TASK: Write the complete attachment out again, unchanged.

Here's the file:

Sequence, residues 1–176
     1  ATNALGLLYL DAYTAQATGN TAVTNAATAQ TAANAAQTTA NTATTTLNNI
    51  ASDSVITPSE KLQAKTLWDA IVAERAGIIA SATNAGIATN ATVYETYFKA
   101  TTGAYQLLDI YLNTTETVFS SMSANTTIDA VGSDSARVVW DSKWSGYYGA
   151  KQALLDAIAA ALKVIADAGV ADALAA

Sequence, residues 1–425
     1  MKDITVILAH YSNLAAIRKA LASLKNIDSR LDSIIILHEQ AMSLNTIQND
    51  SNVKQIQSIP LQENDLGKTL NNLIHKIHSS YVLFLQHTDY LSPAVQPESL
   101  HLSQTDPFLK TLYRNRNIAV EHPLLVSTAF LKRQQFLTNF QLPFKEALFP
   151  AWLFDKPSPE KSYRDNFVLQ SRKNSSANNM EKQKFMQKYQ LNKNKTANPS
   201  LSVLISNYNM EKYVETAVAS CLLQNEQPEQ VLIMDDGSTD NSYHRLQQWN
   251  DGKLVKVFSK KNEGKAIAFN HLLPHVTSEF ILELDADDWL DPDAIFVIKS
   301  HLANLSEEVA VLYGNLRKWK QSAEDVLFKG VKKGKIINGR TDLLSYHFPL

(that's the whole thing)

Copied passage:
Sequence, residues 1–176
     1  ATNALGLLYL DAYTAQATGN TAVTNAATAQ TAANAAQTTA NTATTTLNNI
    51  ASDSVITPSE KLQAKTLWDA IVAERAGIIA SATNAGIATN ATVYETYFKA
   101  TTGAYQLLDI YLNTTETVFS SMSANTTIDA VGSDSARVVW DSKWSGYYGA
   151  KQALLDAIAA ALKVIADAGV ADALAA

Sequence, residues 1–425
     1  MKDITVILAH YSNLAAIRKA LASLKNIDSR LDSIIILHEQ AMSLNTIQND
    51  SNVKQIQSIP LQENDLGKTL NNLIHKIHSS YVLFLQHTDY LSPAVQPESL
   101  HLSQTDPFLK TLYRNRNIAV EHPLLVSTAF LKRQQFLTNF QLPFKEALFP
   151  AWLFDKPSPE KSYRDNFVLQ SRKNSSANNM EKQKFMQKYQ LNKNKTANPS
   201  LSVLISNYNM EKYVETAVAS CLLQNEQPEQ VLIMDDGSTD NSYHRLQQWN
   251  DGKLVKVFSK KNEGKAIAFN HLLPHVTSEF ILELDADDWL DPDAIFVIKS
   301  HLANLSEEVA VLYGNLRKWK QSAEDVLFKG VKKGKIINGR TDLLSYHFPL